Once you have parked up, you have to go into the terminal building to check in. Important: you will need then printout of your booking confirmation, your passport(s) AND your vehicle registration documents. Here you will be checked in and given tickets for your vehicle, cabin, meal voucher and anything else you have pre-booked. Fortunately, although it wasn’t itemised on our printout, the caravan WAS included in the booking!
Getting onto the ferry
Our ferry was due to leave at 1pm and boarding started at about 11:30am. The parking/waiting area is narrow and you are tightly packed in. We only had inches to spare towing out and turning to head towards the back of the ferry. You will need your passports again at this point as someone will come and check them whilst you are in the queue, looking at every passenger in turn.
As we queued, we watched, horrified, as several big container lorries reversed onto the ship. “Oh no, we’re not going to have to reverse on, are we?” Andy asked, trying hard not to sound panic stricken. Fortunately we didn’t. The ramp up was pretty steep – we were on Garage deck D, which was the top car deck – and it was wet because it had been raining. The wheels were spinning all the way up, so if you are towing, I would recommend not starting onto the ramp until the car in front has moved away from the top of the ramp. This way you can complete this section without having to stop on the ramp itself!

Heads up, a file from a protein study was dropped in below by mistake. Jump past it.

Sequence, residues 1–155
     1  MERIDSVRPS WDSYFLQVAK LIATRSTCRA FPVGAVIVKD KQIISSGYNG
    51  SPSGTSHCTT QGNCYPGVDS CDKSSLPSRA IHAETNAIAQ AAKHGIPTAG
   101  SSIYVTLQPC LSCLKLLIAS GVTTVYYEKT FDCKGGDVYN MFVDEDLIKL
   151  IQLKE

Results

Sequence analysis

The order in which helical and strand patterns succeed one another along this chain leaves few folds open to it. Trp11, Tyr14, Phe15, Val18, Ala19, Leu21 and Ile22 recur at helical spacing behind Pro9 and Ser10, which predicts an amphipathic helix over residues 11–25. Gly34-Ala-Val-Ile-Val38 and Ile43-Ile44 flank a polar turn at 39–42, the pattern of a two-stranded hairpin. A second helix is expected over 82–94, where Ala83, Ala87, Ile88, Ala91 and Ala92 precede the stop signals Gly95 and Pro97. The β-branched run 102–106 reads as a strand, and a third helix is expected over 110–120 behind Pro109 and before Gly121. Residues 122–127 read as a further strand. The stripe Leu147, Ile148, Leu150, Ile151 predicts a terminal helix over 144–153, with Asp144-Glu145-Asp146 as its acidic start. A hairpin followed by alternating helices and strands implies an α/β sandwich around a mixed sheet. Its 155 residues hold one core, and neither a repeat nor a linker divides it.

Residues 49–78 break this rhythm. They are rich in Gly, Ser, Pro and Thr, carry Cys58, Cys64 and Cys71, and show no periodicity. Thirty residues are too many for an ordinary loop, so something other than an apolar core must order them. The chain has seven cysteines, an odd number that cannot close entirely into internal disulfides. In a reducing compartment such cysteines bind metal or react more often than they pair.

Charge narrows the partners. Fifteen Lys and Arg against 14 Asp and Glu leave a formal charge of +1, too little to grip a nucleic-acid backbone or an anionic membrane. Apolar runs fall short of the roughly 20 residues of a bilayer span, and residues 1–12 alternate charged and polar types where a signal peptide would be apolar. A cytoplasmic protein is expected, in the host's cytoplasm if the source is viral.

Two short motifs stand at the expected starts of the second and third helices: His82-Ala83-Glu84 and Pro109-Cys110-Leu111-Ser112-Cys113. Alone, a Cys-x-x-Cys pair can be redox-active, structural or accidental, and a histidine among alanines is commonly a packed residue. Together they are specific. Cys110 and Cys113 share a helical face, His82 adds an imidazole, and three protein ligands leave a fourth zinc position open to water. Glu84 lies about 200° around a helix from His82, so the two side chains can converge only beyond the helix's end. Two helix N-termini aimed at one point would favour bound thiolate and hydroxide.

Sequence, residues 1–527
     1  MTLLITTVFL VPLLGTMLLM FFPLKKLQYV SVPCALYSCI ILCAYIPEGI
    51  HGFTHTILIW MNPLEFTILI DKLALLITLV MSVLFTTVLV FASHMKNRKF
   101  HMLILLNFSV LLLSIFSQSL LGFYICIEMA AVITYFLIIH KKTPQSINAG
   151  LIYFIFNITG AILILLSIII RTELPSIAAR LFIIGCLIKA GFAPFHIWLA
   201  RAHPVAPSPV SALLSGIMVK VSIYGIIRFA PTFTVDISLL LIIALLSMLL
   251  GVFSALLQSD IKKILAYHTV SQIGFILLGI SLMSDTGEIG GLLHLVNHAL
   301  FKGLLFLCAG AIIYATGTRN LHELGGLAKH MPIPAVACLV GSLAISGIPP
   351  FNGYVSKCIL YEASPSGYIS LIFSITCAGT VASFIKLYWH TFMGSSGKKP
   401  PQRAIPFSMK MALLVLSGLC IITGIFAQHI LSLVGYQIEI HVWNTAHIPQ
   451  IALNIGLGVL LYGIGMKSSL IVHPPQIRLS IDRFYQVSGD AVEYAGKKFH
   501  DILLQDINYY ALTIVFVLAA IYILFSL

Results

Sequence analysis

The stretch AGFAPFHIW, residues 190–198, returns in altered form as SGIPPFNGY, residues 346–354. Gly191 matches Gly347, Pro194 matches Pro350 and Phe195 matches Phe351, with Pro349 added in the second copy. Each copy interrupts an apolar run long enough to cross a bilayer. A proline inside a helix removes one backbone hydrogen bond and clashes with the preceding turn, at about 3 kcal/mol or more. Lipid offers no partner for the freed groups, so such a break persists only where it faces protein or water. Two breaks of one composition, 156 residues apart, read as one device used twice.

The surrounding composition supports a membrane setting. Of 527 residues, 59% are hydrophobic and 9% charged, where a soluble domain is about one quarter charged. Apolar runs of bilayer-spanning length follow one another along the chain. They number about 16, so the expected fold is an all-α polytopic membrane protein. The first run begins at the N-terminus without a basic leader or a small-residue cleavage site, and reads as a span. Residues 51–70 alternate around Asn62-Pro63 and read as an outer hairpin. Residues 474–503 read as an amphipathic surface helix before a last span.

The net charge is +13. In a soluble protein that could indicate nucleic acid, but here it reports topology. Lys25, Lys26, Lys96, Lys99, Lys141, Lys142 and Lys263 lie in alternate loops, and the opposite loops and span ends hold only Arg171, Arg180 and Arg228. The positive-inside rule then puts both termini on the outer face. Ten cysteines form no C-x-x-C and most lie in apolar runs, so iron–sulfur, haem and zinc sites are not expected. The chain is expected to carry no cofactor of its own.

Once inside, you drive up and swing round to face the opposite way. We were fortunate that we were one of the first few vehicles on board and so we had a lot of space in which to swing round. Some motorhomes that came after us had to spend a bit of time manoeuvring into spaces at the rear of the row. I should also say that on our sailing at the start of April, the car deck was not even half full.
There are instructions on the car deck as to how to leave your vehicle (in gear, with the handbrake on) and you are given a ticket that tells you which deck you are on in case you forget. As with all ferries, you need to take everything that you need with you because the car deck is not accessible during the journey.
Ferry facilities and cabins
The main deck where all the shops and restaurants are located was immediately above our car deck. A member of staff was standing near the top of the stairs with a table full of electronic door keys. Here you need to exchange your cabin voucher for two plastic, credit-card-style keys and then you can go and find your cabin.
We had an inside cabin for 4 people (2 bunk beds), which was snug and had seen a lot of wear, but was comfortable enough. It had the beds, a small wardrobe and a bathroom with toilet, washbasin and shower. Towels were also provided. We realised that the top bunks didn’t have a child safety rail on them, but we went to the information desk and within minutes someone had come down to our cabin and brought one for us to use.